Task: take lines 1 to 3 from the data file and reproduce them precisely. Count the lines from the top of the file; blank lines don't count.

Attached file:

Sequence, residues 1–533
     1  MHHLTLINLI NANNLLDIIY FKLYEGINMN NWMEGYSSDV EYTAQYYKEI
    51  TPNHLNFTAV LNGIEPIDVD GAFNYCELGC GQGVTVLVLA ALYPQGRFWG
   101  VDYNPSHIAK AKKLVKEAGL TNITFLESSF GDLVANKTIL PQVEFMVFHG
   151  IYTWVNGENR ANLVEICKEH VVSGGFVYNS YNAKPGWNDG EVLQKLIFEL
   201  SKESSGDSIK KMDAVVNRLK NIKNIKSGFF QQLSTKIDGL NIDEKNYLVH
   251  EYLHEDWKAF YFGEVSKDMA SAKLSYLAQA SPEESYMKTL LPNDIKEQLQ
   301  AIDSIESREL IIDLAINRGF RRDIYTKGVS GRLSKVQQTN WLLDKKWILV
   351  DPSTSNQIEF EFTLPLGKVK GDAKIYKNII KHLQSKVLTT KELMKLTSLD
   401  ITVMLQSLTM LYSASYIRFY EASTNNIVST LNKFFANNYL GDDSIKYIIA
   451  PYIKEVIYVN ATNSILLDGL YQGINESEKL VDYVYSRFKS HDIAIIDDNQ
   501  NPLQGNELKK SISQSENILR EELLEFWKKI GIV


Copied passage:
Sequence, residues 1–533
     1  MHHLTLINLI NANNLLDIIY FKLYEGINMN NWMEGYSSDV EYTAQYYKEI
    51  TPNHLNFTAV LNGIEPIDVD GAFNYCELGC GQGVTVLVLA ALYPQGRFWG